Design is another example that may include a variety of subcategories. It may include the architectural design of a building, the new and unique design of a widget or the aesthetic design of an object of industry. The design starts as intangible by its creator, and may be made into something that is tangible by another party, to whom the creator wishes to grant a license.
Literary Rights - Literary rights
and copyrights are sometimes associated, but they can be easily contrasted. An author has literary rights prior to publication. Copyright is the legal right to publish and sell the work, or exclude others from using or displaying it. The manuscript is the author’s until he or she contracts with the publisher. The publisher, generally, will then have the copyright and ability to sell the work.
Submission Release - A similar concern for writers is the submission release. This is a waiver that protects the company to whom the author submits an unsolicited work, in the case the company produces something similar. It is wise for the author to have representation from someone experienced.
Intangible Works - Intangible works can be licensed. Just as in the licensing of art outlined in the example above, a person may license any of his or her work for the use of another. For example:
- A software designer may license his or her work to a company for distribution, or to the end user.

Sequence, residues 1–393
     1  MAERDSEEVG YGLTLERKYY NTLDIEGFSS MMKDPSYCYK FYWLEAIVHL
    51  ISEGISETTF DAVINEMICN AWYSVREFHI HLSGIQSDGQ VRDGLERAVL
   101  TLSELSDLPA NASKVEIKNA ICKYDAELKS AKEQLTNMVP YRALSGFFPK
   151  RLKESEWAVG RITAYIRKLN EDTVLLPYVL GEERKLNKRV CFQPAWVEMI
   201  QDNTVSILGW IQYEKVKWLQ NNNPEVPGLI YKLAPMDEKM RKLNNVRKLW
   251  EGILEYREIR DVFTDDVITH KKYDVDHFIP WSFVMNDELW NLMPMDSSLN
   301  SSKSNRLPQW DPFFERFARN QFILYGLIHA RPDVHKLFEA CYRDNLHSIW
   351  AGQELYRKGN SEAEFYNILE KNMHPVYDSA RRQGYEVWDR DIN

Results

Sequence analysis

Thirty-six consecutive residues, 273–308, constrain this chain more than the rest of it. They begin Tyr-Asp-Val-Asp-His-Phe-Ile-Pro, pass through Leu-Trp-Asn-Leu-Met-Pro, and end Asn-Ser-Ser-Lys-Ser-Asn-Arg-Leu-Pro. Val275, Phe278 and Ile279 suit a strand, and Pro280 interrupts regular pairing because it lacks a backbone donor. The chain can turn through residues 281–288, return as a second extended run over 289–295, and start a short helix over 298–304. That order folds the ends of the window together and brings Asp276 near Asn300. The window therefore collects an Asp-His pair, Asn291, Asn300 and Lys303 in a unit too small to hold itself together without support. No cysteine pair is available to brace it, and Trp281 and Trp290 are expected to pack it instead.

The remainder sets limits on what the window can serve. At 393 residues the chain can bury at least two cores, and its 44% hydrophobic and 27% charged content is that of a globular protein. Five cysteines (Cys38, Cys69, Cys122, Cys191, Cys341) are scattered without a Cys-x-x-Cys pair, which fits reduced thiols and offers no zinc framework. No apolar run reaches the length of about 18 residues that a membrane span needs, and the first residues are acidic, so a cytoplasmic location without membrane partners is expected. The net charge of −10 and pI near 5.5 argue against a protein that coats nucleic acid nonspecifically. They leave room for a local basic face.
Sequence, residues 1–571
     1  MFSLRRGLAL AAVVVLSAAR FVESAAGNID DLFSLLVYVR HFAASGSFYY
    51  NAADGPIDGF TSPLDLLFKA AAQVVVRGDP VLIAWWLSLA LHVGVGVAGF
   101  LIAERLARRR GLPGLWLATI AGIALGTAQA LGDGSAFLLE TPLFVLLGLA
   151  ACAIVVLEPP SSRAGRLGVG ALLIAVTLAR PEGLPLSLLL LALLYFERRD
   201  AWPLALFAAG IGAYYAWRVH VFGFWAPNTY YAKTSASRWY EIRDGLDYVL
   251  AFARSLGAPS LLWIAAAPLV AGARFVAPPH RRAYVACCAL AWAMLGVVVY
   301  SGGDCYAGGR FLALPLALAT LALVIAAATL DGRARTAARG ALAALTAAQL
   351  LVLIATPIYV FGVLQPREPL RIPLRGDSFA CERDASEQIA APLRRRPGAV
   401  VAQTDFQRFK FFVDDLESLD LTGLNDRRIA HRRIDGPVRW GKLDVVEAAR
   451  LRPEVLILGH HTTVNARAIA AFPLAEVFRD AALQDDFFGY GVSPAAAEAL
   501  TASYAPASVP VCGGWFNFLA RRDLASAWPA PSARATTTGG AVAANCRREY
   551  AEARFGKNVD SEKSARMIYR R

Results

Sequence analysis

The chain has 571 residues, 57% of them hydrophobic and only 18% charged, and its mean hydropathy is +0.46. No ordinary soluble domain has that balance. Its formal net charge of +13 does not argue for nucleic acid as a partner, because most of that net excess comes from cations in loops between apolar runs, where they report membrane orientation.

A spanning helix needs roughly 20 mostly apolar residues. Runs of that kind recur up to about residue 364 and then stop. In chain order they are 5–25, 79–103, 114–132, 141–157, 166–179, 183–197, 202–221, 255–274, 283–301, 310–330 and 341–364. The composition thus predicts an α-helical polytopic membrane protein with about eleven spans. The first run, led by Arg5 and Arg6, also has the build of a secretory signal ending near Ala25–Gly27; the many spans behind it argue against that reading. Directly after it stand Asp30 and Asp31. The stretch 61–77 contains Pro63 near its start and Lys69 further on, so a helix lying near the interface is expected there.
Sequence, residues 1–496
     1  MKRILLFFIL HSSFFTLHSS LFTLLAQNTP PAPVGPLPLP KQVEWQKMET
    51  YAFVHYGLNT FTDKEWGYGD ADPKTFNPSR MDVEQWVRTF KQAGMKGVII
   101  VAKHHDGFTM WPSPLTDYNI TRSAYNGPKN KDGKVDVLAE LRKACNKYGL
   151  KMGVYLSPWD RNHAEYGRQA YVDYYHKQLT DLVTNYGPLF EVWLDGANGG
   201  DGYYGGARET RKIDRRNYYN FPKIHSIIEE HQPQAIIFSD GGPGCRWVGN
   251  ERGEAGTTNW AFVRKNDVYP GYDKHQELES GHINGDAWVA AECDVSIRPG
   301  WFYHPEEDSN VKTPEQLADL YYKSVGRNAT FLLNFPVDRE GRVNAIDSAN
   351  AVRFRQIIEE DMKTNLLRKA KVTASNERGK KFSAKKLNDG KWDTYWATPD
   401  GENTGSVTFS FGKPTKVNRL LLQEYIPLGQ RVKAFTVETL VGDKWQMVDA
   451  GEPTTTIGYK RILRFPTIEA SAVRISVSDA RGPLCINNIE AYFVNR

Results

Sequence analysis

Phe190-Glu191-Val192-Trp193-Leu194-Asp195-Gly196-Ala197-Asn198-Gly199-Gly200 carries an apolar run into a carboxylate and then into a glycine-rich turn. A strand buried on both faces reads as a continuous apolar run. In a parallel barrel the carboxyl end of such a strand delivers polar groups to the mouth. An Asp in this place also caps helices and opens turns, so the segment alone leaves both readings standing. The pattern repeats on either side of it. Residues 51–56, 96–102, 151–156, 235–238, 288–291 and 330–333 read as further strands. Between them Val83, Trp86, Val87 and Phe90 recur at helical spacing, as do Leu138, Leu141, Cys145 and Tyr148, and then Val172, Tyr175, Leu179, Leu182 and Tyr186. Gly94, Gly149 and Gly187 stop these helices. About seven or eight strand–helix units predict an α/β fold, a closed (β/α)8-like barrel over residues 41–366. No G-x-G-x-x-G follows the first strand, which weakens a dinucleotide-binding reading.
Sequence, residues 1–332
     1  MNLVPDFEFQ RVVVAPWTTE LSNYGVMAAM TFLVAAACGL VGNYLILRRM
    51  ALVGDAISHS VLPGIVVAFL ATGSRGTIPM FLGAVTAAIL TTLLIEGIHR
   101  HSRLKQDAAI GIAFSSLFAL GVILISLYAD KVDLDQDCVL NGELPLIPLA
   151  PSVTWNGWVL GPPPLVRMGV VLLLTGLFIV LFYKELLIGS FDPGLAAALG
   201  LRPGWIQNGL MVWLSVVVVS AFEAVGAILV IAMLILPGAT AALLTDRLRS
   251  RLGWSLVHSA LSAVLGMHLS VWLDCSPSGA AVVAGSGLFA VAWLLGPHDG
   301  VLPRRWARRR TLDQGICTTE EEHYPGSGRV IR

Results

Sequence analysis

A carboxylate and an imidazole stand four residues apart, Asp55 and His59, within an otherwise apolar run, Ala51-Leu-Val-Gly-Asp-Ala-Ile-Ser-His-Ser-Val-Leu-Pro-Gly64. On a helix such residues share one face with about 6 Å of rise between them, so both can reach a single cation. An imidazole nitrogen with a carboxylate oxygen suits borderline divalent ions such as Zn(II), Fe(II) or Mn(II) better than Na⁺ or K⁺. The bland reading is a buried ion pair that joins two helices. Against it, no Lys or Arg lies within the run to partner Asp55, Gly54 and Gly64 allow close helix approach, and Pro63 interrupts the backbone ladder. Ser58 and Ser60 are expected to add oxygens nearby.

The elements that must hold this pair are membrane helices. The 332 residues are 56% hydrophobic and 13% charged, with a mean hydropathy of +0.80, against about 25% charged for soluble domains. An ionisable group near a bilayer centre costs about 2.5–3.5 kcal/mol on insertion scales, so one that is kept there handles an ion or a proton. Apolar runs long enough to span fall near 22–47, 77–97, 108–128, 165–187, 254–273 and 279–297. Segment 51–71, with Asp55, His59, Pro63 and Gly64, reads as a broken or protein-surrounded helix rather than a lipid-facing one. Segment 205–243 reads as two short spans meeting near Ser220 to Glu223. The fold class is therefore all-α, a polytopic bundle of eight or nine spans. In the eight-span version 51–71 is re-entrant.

- A composer may license his or her works to be performed in a television production. The licensing of a work is simply the granting of right to use the work in a designated manner by the creator of the work. The creator retains authorship; however, the licensee is granted right of use.
While there are many entities involved in the protection of creator’s rights, such as the U.S. Patent and Trademark Office and the U.S. Copyright Office, there is a larger organization that oversees the creative property rights as a whole.
It is the World Intellectual Property Organization (WIPO), an agency of the United Nations created by convention to safeguard the public interest and protect the rights of individuals and their property. One who engages in the creation of things that are intangible needs to protect his or her intellectual property rights as surely as he or she would protect his or her tangible property. Just as one takes the precaution of depositing money into the bank or valuables into a safe, the creative thoughts and intangible property must be protected by someone who is proficient in that area of law.